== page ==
Software developers got a hearty slap on the back at the beginning of the year when US News & World Report named the tech role the “best job” of 2018.
Not that they needed the ego boost. Last year, PayScale and CNNMoney put software developers at the top of their own “best jobs in America” list. LinkedIn’s “skills companies need most in 2018” is stuffed with tools that any budding developer would salivate over, and the job site’s recent spread on the “most popular entry-level jobs” gave software engineers, an in-demand role that crosses into the software development world, the number one spot.
In the battle for workplace bragging rights, 2018 is clearly the Year of the Software Developer.
Quick question: What’s a software developer?
“It’s really just an amazing opportunity to build something,” says Pooja Gada, 30, the tech lead at Los Altos, Calif.-based hospital operations platform Qventus. “You turn ideas into something you can practice and play around with.”
Developers (sometimes called “programmers” or “coders”) are behind all the applications that make our digitized world run. They create the mobile apps we interact with everyday: “front-end developers” make the buttons on our screens, “back-end developers” sort through the data we punch into them, and “full-stack developers” do both. They’re responsible for the interactivity of every “smart” device from Amazon Alexa to those crazy internet refrigerators that keep stock of ingredients, create shopping lists, and feed you news. Developers help companies across industries bring their sales, shipping, and inventory solutions into the 21st century. And they do a million other things too.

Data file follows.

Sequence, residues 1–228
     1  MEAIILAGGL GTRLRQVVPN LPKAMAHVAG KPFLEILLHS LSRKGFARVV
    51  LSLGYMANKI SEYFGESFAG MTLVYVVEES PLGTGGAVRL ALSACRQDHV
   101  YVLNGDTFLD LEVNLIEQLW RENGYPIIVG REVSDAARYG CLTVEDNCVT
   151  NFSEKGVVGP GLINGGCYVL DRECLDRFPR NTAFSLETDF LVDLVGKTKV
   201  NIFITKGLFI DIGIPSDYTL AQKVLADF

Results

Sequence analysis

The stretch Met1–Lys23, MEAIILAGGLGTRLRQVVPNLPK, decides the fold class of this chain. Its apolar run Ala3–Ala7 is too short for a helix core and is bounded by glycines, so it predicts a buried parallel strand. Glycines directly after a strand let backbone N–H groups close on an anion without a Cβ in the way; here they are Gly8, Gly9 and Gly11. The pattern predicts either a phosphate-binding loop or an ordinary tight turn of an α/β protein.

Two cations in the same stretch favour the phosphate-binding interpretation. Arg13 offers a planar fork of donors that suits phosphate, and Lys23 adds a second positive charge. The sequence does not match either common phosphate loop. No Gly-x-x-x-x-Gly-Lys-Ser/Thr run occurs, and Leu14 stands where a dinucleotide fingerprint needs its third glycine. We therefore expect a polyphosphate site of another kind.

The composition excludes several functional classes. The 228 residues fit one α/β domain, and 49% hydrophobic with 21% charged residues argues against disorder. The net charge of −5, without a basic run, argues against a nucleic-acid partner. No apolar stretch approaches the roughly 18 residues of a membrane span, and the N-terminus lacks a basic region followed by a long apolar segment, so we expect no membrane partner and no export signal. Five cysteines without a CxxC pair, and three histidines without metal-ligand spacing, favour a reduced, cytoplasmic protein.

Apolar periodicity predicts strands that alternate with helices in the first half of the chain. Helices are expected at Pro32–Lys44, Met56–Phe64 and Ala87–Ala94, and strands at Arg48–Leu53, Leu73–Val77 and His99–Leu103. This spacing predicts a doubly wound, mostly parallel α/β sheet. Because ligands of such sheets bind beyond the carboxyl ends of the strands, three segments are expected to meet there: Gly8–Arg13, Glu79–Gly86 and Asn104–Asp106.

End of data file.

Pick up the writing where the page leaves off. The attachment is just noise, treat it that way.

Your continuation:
It’s an increasingly popular and important role in the tech space, and will likely continue to be for years to come. In 2016, the Bureau of Labor Statistics projected employment for the role would grow 24% by 2026 — which is exceptionally fast, even compared to other burgeoning tech careers. The pay doesn’t hurt either: The average developer makes more than $100,000, according to BLS data.
Tech giants like Google and Facebook have a near-endless demand for developer talent. But these days, so does everyone else. A quick look at online job postings shows that, as of this writing, American Express, The National Football League, Sony, Etsy, Columbia University, Macy’s, Boeing, Quest Diagnostics, Weather Underground, FedEx, and The New Yorker were all hiring developers.
It’s a malleable occupation. Jobs are concentrated in tech hubs like Silicon Valley and Seattle, but employers are often willing to let developers work remotely from pretty much anywhere. There’s no set career path, either. Some people climb the company ladder to senior developer, software architect, and maybe even chief technology officer, eventually. (Gada, for one, worked as an engineer for Oracle before joining Qventus as the company’s first tech hire, where she was promoted to engineering lead after three years). Some just get really, really good at their craft and specialize in one …read more
Source:: Time – Business